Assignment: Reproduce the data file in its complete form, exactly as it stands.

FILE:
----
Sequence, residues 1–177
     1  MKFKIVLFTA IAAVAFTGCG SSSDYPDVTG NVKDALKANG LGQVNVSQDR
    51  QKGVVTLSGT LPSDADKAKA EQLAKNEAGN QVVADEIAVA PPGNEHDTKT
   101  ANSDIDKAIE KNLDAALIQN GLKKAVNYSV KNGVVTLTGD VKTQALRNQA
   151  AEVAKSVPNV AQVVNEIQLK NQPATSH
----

Sequence, residues 1–177
     1  MKFKIVLFTA IAAVAFTGCG SSSDYPDVTG NVKDALKANG LGQVNVSQDR
    51  QKGVVTLSGT LPSDADKAKA EQLAKNEAGN QVVADEIAVA PPGNEHDTKT
   101  ANSDIDKAIE KNLDAALIQN GLKKAVNYSV KNGVVTLTGD VKTQALRNQA
   151  AEVAKSVPNV AQVVNEIQLK NQPATSH